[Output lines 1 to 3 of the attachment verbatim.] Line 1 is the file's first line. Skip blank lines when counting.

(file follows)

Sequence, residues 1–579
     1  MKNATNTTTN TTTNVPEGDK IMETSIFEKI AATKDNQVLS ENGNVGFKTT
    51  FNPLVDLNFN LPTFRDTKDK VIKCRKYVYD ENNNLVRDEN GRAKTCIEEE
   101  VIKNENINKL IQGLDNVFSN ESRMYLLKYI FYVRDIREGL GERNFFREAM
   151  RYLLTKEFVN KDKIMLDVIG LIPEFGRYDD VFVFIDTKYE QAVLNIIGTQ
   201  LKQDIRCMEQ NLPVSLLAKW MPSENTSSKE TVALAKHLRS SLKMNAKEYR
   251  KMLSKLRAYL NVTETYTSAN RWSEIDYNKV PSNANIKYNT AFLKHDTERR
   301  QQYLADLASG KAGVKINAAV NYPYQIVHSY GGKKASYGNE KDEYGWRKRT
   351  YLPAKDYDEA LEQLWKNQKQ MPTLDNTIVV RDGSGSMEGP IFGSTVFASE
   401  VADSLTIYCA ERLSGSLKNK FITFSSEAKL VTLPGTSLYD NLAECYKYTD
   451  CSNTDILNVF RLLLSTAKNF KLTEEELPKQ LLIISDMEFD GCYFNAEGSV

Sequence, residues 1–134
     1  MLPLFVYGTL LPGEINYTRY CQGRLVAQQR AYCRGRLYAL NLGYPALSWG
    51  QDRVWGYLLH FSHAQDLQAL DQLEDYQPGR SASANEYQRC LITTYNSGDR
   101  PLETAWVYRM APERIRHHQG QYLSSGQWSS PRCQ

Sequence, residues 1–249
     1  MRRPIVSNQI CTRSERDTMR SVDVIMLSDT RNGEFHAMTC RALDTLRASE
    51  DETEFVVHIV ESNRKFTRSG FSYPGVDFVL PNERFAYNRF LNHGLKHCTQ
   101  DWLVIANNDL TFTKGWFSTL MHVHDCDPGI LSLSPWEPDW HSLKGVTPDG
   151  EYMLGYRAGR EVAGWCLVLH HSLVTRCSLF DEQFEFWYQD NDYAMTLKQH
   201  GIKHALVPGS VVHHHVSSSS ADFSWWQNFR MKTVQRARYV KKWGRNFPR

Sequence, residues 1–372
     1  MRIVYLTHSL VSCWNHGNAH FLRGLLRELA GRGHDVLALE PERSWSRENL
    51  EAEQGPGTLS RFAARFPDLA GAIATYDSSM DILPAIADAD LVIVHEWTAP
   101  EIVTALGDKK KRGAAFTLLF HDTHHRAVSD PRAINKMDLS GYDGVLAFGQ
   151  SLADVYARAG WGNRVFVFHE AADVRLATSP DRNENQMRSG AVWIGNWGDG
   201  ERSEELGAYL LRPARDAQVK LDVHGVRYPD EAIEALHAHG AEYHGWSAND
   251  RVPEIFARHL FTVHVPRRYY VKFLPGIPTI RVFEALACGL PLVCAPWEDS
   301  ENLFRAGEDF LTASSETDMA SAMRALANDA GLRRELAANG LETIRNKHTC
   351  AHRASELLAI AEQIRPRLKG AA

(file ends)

Sequence, residues 1–579
     1  MKNATNTTTN TTTNVPEGDK IMETSIFEKI AATKDNQVLS ENGNVGFKTT
    51  FNPLVDLNFN LPTFRDTKDK VIKCRKYVYD ENNNLVRDEN GRAKTCIEEE